Wednesday, February 25, 2009

The Day I Became Afraid of Heights

When I was 16, Suellen and I visited cousins in Idaho. One of them was going cliff-jumping with his friends, and though our plans had been lazy-river tubing with the other cousin - something fun and safe and appropriate - we decided that cliff-jumping sounding especially fun, and that we should definitely do that. We drove a long way out to what I think was a quarry, where there were two cliffs: 15 ft, and 40 ft. We tried the 15-footer first, and it was fun. It's also for novices, apparently, as the Idahoans were bored and wanted to move immediately up to the big boys' cliff.

One of my cousins - the girl who had wanted to go tubing - goes first. "Raised in Idaho" kicks in, and she jumps off the cliff, no problemo.

Suellen and I are nervous, and ask our cousin - the boy, who was responsible for the cliff-jumping adventure - for advice.

"Just try to run fast, and push off when you get to the edge."

Sounds simple.

Suellen goes first. She concentrates on running faster. Concentrates so hard on running that she forgets about pushing off, or about paying attention to her footing at all, and slips as she reaches the end. She trips off the cliff.

She emerges from the water, climbs back up the cliff. She's fine.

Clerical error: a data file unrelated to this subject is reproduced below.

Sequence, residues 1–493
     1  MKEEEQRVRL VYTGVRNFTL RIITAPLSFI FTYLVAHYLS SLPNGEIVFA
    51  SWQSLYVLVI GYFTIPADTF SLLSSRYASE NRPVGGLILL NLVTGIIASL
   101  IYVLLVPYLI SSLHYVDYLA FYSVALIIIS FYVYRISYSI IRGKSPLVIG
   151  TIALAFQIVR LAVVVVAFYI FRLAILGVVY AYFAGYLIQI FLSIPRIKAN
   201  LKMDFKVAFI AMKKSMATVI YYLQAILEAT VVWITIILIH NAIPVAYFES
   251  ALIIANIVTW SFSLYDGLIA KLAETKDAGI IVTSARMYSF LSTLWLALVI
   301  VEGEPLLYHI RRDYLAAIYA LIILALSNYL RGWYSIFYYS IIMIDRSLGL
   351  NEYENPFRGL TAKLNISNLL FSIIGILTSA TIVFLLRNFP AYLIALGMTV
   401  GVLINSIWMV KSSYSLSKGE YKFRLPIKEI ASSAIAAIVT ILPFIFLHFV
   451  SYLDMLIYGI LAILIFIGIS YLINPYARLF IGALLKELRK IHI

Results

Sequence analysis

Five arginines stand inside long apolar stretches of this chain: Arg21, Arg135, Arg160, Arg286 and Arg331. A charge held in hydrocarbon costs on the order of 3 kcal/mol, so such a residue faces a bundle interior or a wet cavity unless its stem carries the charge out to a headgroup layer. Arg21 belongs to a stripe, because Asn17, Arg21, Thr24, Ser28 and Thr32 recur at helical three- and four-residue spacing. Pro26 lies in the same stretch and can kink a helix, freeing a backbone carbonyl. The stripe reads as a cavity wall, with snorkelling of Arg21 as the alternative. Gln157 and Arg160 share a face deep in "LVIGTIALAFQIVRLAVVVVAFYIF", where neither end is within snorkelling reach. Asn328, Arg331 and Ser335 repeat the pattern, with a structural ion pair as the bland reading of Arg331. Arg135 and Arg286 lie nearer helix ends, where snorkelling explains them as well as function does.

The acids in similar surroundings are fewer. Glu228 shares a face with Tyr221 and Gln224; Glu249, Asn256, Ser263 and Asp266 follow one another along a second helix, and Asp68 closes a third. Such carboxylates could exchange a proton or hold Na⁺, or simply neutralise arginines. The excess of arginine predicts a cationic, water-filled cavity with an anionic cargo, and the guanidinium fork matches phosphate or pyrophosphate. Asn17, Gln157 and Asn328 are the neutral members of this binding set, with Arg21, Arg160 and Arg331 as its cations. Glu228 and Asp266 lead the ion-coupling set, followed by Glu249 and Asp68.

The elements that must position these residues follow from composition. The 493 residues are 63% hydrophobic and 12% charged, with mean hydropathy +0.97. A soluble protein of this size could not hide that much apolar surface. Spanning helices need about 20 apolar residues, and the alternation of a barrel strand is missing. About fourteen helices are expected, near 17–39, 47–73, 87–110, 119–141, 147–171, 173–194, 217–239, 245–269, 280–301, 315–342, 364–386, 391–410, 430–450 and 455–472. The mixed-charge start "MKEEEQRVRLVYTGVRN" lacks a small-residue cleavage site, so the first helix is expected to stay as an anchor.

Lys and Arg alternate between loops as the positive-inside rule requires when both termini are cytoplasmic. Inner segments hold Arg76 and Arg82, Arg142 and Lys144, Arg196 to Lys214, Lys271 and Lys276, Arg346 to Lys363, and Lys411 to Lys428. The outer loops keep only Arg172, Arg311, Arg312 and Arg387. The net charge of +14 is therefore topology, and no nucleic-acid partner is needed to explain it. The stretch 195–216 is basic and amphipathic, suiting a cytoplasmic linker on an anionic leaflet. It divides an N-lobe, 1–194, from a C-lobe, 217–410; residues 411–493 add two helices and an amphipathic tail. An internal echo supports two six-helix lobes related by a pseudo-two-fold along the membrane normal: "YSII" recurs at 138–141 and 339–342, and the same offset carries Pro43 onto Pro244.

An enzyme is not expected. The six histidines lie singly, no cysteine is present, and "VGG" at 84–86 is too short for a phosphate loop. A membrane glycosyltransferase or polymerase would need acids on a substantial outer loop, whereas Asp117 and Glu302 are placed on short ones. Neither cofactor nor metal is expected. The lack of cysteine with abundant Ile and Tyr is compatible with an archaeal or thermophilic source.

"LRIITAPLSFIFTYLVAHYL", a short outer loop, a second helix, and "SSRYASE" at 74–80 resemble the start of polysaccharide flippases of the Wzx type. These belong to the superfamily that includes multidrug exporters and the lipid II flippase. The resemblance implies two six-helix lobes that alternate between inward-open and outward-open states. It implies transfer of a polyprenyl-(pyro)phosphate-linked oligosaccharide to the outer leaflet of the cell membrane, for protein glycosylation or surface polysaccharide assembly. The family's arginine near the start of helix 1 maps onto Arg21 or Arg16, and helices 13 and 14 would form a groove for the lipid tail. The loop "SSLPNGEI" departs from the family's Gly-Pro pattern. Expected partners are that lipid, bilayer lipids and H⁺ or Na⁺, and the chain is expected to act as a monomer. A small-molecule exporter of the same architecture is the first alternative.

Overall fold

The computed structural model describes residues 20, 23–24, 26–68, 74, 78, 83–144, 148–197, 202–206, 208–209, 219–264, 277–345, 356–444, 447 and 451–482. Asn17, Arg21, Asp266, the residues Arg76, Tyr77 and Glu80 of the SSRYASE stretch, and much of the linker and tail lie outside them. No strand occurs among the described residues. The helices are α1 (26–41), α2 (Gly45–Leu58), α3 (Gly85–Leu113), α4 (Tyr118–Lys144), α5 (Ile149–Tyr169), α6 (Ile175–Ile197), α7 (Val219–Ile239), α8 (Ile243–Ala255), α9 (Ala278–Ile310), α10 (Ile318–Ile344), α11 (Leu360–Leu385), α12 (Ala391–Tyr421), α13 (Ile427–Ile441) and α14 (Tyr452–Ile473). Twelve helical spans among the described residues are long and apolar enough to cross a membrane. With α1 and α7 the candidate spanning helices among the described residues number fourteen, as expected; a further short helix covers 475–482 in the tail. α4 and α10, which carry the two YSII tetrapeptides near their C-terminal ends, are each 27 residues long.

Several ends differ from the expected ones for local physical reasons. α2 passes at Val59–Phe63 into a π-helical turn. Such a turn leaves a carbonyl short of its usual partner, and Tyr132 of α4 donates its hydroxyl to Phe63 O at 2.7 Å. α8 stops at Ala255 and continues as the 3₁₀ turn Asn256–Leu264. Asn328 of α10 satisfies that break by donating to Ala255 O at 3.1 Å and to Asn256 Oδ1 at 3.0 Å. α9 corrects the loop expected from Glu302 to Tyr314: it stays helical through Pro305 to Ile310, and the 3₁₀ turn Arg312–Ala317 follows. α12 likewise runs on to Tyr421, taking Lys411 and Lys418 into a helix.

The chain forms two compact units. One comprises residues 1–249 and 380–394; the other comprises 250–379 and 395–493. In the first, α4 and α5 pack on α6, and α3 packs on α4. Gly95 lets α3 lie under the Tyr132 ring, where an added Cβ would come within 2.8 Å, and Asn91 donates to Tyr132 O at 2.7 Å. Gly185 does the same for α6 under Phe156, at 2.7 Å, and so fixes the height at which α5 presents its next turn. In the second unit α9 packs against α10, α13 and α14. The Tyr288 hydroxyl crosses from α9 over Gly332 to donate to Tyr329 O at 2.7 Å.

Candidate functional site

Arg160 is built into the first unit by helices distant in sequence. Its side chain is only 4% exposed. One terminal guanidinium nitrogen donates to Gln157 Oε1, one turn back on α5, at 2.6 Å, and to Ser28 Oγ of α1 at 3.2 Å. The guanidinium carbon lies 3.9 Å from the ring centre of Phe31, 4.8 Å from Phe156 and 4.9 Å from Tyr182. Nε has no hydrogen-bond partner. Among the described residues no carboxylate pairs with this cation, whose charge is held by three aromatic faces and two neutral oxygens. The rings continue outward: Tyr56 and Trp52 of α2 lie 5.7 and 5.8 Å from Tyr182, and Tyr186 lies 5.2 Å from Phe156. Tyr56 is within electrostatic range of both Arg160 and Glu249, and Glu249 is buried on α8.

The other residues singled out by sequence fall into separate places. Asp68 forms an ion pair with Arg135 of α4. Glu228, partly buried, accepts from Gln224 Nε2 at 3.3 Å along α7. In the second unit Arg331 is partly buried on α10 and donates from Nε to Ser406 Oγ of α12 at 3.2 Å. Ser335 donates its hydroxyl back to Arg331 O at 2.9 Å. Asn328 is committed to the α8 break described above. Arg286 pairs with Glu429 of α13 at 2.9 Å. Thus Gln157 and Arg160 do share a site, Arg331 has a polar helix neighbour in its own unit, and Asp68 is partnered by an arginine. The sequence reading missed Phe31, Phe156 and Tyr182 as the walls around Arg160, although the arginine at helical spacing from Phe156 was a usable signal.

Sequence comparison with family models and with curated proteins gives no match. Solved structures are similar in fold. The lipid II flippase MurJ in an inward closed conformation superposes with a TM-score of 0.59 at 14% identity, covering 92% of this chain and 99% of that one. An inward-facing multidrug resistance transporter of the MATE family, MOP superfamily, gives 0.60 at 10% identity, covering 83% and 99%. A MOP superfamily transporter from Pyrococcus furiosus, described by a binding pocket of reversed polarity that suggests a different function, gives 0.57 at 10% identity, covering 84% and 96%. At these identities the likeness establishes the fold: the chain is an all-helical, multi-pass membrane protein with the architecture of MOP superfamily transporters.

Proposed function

Watching this leaves me very shaken.

I am determined not to slip. I pay very close attention to my footing - such close attention, it seems, that I forget about the running. They tell me I was moving so slowly that they thought I was just walking up to take another look. When they realize I'm not stopping, someone yells "She's not going to make it!" which I luckily do not hear. I don't know I've done anything wrong until I open my eyes in mid-air. I've done a 180 on the way down, so that I'm facing toward, instead of away from, the cliff - which is all of 12 inches away from my face. They tell me I screamed an expletive. I don't remember that.

I land just about where the water meets the land, in water that's about thigh-deep. My knees bend under me as I go in, luckily, so I don't, you know, break both legs. When I look up, everyone is staring down over the edge of the cliff, making sure I'm alright.

I'm fine.

Suellen and I do not jump off the cliff any more times that day, or, in fact, ever again.

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